Watched the Documentary: “Finding Sandalwood Mountain” (307/366)

“They came to a distant land in search of a new life, and changed Hawaii and China forever.”
~ “Finding Sandalwood Mountain

A few years ago on our annual trip to Maui, Mom and I visited the Wo Hing Museum on Front Street – one of the earliest Chinese community meeting places in Lahaina – where before even the whalers and missionaries came there was a thriving Chinese population.  There, I learned that a documentary called Finding Sandalwood Mountain, about the history of the Chinese in Hawaii, had just been released.  I’ve always been interested in the history of Hawaii’s migrant workers, and how as a melting pot, Hawaii’s face and culture has been shaped by so many other cultures through the generations.  I bought a copy of the DVD, but never got around to watching it.  Like I’ve said before, one of the things I love about the INDT project is that it gives me an excuse to explore and learn more by finally reading books, watching documentaries, and trying new things I had previously put off.  So after purchasing this DVD years ago here on Maui, bringing it all the way back home to San Francisco and letting it sit on my shelf, I packed it in my computer case and brought it all the way back here to Maui on this trip so we could watch it.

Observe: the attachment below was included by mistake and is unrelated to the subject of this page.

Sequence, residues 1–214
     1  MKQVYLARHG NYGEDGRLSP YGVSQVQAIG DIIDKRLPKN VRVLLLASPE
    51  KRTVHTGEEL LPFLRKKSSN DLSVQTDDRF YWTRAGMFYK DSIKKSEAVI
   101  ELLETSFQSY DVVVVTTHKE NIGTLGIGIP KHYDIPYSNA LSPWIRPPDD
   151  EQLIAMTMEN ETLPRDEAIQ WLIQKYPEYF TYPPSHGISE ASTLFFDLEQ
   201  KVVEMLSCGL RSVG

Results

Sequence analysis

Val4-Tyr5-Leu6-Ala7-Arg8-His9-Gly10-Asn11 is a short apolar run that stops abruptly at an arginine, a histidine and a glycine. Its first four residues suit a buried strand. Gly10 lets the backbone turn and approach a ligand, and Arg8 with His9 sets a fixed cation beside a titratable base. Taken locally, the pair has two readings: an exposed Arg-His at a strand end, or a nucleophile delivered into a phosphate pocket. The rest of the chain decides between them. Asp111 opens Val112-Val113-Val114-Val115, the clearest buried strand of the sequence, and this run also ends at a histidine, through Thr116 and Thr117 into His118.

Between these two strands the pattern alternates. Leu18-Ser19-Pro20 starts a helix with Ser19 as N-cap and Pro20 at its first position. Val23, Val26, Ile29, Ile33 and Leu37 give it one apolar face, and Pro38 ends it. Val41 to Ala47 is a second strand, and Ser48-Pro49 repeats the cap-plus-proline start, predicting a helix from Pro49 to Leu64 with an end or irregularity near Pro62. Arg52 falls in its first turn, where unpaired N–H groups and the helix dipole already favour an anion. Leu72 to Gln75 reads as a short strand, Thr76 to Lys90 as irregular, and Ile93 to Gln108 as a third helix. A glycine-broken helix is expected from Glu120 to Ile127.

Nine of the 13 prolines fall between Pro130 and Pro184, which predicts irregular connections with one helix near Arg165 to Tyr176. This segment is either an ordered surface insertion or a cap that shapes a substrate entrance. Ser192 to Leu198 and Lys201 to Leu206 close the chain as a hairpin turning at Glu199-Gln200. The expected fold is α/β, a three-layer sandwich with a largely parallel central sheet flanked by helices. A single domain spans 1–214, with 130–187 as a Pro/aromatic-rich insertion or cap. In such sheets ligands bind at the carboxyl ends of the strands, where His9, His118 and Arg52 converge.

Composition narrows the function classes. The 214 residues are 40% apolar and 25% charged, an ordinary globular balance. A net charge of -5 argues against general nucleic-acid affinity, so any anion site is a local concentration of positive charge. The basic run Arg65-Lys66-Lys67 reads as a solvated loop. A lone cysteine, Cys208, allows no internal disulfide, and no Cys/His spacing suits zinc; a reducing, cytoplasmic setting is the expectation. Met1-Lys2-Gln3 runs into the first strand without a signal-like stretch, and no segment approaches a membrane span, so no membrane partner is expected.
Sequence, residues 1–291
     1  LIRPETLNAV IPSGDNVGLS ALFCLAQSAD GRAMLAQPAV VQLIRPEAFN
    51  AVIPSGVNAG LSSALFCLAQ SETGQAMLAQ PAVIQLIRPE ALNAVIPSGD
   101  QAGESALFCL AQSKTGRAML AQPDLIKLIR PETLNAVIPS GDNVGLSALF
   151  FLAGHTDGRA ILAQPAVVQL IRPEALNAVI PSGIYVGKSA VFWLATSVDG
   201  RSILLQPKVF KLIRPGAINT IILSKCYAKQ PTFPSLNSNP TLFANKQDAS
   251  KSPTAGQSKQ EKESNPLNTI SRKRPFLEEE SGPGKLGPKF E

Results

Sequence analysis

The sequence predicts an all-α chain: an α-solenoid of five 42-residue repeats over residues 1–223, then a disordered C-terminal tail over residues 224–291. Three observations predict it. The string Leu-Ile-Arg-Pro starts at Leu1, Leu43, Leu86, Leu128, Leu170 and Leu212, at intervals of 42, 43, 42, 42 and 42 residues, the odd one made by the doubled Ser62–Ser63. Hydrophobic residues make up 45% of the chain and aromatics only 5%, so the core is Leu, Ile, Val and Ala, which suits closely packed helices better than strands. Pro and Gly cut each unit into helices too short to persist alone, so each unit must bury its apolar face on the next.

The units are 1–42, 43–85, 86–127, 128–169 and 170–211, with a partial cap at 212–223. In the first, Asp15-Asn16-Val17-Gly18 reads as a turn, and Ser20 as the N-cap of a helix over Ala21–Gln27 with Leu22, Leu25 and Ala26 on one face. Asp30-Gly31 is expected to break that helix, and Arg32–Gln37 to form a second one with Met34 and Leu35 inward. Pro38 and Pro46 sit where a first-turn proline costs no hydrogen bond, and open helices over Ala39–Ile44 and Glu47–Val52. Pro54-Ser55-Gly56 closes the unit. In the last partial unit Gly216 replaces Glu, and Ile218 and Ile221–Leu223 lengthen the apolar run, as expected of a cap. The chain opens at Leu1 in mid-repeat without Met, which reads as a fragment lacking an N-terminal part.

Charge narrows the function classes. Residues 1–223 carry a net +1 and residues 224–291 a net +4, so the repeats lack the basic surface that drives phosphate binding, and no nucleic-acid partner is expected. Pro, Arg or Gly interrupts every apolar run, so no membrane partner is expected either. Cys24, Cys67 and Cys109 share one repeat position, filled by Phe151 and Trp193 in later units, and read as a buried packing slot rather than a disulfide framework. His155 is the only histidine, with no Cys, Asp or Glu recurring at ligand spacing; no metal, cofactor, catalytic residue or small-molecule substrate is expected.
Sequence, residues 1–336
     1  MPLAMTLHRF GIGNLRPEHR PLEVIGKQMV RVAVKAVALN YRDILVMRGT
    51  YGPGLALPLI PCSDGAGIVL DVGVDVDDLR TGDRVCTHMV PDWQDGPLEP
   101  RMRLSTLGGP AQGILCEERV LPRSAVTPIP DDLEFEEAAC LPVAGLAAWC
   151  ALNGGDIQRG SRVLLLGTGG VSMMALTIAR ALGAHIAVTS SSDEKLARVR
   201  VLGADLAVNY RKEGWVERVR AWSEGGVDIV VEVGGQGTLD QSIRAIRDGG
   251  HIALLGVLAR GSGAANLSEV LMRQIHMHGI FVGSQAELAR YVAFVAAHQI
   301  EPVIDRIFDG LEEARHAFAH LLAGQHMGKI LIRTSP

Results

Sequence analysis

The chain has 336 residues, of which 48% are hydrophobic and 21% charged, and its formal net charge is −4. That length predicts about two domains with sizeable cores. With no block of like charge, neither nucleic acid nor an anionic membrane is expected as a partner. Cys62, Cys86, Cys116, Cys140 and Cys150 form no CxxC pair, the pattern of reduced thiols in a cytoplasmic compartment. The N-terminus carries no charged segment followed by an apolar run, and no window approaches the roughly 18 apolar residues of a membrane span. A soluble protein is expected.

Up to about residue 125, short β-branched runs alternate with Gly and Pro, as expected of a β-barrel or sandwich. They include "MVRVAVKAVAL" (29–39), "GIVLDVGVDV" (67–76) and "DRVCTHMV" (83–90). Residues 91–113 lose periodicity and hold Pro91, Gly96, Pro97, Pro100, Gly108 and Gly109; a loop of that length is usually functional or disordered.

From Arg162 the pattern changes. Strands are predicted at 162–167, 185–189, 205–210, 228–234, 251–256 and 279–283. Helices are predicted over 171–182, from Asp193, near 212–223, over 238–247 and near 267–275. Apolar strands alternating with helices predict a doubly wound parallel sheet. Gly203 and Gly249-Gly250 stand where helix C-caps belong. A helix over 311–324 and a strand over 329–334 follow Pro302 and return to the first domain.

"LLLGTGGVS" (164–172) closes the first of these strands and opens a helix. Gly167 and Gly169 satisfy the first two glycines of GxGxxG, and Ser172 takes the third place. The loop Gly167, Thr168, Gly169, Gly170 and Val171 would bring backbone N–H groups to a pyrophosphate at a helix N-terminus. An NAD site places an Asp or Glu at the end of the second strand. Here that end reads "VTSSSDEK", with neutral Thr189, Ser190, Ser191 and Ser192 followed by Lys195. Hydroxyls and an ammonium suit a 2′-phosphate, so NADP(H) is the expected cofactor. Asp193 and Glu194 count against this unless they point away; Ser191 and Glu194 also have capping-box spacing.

Here’s the trailer:

This documentary is absolutely fascinating.  From the stories of the clever and entrepreneurial Chun Ah Fong (Hawaii’s Chinese “Merchant Prince”), to the youth and development of  Sun Yat Sen, the “Father of Modern China” (did you know he was raised in Hawaii and attended high school and college there?) and all the way to modern times and Sentator Hiram Fong (the first Asian U.S. Senator), the Chinese in Hawaii changed the world in ways I had never known.  And today, Hawaii’s Chinese are reaching back to China, spreading the aloha spirit and strengthening the connection between China and America in their own unique way.

Although it may not be as polished as some documentary productions out there, this is one of the richest documentaries I’ve seen – it is simply a wealth of previously untold information, and definitely worth checking out.

Related Links:
Finding Sandalwood Mountain (DVD)

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